by Lindsay Kramer || NHL.com
Just about every strand of Springfield rookie forward Liam Reddox’s short red hair was let down at the start of 2008.
On New Year’s Eve, he joined his teammates and their girlfriends at a sushi restaurant in Hartford. Then the modest revelry moved to a bar, a turn of events that Reddox would have just as soon skipped.
On Jan. 1 he practiced, rented a movie and took a nap. Rock on, rook!
“That was my first time out all year,” Reddox said. “I try to stay away from that. I’m not a big partier, anyway. I’d rather be sitting on the couch, doing nothing. I like leaving it out there when I’m (on the ice). I’d rather not feel (bad) when I go out there the next day for practice.”
Reddox may be a tad low-key for a 21-year-old up-and-coming hockey player, but he has reason to conserve his energy. He’s worn himself out mentally and physically kicking his own behind, and there’s so much more booting left to do.
Reddox, who was a potential ECHL washout at this time last year, is a virtually out-of-nowhere surprise for the Falcons this season. The 5-foot-11, 190-pounder has ratted his way to 23 points (9-14) this season, a total that places him eighth among league rookies and that is just three shy of the amount he produced in 70 games for Stockton last season.
“Good things are going to happen when you work hard. I model my game around that,” Reddox said. “For sure, I’m very confident in my abilities. I think I have all the tools. It’s just continuing to work hard to make that next jump.”
The son of a Scottish father and an English mother, Reddox grew up in Whitby, Ont., with nary an accent. That’s all the better for his straight-talking messages to come through loud and clear.
Reddox turns that hose mostly on himself. To hear him tell it, he wasn’t able to come as far as he has this season until he realized that he basically wasted almost all of last season.
Reddox, a fourth-round pick by Edmonton in 2004, figured he’d at least have a solid shot at the AHL last season. He figured wrong, getting slapped with an immediate assignment to the ECHL.
“I was a bit down getting sent to Stockton,” he said. “But that was a lack of maturity. I still could have got called up pretty fast. But I didn’t look at it that way.”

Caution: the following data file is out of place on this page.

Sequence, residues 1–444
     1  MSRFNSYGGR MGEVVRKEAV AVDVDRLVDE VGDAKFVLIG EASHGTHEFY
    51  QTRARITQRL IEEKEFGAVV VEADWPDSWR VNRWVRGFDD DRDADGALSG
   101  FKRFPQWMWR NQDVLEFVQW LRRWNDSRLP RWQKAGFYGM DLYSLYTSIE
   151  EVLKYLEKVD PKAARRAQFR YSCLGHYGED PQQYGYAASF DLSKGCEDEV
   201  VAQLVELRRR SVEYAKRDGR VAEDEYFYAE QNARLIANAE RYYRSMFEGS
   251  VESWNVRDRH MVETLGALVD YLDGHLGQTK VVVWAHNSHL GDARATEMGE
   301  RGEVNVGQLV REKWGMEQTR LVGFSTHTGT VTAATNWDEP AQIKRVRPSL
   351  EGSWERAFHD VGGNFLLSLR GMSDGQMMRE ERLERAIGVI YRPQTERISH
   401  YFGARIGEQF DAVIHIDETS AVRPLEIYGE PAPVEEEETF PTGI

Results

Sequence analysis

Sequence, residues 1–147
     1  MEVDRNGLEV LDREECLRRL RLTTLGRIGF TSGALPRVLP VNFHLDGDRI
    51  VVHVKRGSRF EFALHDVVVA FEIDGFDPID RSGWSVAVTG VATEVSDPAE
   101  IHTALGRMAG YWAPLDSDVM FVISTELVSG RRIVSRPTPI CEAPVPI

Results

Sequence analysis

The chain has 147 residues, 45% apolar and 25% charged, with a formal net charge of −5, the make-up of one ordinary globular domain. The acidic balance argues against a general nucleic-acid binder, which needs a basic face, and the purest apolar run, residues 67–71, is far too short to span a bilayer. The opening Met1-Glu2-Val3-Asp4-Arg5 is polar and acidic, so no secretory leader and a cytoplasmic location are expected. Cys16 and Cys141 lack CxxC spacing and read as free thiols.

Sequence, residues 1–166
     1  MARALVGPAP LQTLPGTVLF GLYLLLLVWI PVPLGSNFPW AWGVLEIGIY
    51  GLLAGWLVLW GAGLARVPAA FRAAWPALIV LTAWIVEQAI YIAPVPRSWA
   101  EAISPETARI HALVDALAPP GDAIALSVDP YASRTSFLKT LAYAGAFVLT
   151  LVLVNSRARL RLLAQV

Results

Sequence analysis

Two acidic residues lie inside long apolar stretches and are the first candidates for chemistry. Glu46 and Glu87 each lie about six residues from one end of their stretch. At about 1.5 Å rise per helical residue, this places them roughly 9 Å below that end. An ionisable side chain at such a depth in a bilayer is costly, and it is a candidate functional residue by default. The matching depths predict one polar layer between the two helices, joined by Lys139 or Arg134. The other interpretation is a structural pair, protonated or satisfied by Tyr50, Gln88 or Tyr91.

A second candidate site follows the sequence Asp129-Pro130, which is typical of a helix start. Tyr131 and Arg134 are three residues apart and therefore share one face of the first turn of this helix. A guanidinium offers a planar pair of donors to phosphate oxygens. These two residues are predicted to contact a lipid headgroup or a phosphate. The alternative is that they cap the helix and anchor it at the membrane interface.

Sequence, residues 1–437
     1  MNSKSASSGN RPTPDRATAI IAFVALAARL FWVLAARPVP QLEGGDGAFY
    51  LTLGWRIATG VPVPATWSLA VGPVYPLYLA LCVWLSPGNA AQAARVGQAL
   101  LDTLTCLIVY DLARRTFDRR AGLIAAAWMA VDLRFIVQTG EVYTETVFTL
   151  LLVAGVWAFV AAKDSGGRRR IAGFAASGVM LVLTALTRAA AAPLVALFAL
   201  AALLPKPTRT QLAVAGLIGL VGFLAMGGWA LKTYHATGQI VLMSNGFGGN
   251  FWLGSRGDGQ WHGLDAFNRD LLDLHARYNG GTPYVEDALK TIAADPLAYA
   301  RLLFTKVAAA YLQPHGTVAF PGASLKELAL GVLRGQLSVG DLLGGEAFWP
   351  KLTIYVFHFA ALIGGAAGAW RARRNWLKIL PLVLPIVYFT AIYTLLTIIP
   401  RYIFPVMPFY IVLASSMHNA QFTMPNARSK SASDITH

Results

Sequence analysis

How did he look at it? Reddox beats you to that answer like he’s racing for a loose puck.
To start with, there was no reason to play defense against him. His lack of confidence was already blanketing whatever skills he had.
“I had some pucks in the scoring areas where I’d get it on the stick and I knew I wasn’t going to score. I told myself I wasn’t going to score,” he said.
Sure, many young players lack a little self-esteem. What made Reddox’s problem so toxic was a complete lack of desire to build it back up.
“At first, I thought he was waiting for someone to make it happen for him, instead of making it happen for himself. Throughout the first 50 games, he left you wanting more. He showed signs of that player that was within,” said Stockton coach Chris Cichocki.
“Through minor hockey I had it easy. Last year was a wakeup call for me,” Reddox said. “I really didn’t want to be there. I wasn’t playing, and I wasn’t playing well when I was playing. It was just a disruptive period of pro hockey.”
The nightmare ended as most do – with a few blinks and the realization that it doesn’t have to be real. Reddox got over his self-pity and decided he had to salvage something from the second half of the season.
“There’s no point in kidding myself. I was fed up, feeling like junk. I told myself I had to get out of this,” he said.
It took awhile, of course. Despite his improved play at the end of last season, his real testing ground didn’t come until the summer. He spent the off-season in Whitby, working out in a gym run by Adam Foote. Occasionally, Foote was there. More often, Reddox toiled by himself, five or six days a week, 2-3 hours a day.
And what was he thinking during those solitary hours?
“Don’t go back to the Coast,” he said.
Reddox can sweat all he wants these days, but not about that. A grittier, stronger Reddox was at least a factor in Oilers camp. He lasted until one of the final cuts, and even earned a one-game recall this season.
His skating and game sense were still givens. His new resolve to grind his way to scoring areas put an ugly, valuable polish on his game.
“Last year, I didn’t know what to think. This year, I knew I was ready. My whole level of competitiveness was 100 times better,” Reddox said.
“He works so hard. He can play in every situation. He’s better and better all the time,” said Falcons coach Kelly Buchberger. “He’s made a lot of headway this year. Liam is a player who can bring it all. One-on-one battles in the O-zone, the majority of the time he can outwork the defenseman and get to the net.”
Sometimes that’s a straight path; more often there’s detours. The one thing about Reddox is that he’s learned how to work a Plan B to get where he really wants to go in his career.
“I think it’s been a bit of a rollercoaster to be honest with you. You hear it all the time about hockey being a mental game, but it definitely is,” he said. “Having a positive attitude every day is the biggest thing. If things aren’t going as well as I like, I just work harder. Go back to basics.”
Lindsay Kramer, the AHL correspondent for NHL.com, profiles an up-and-coming player each Monday and his AHL notebook appears each Thursday on NHL.com.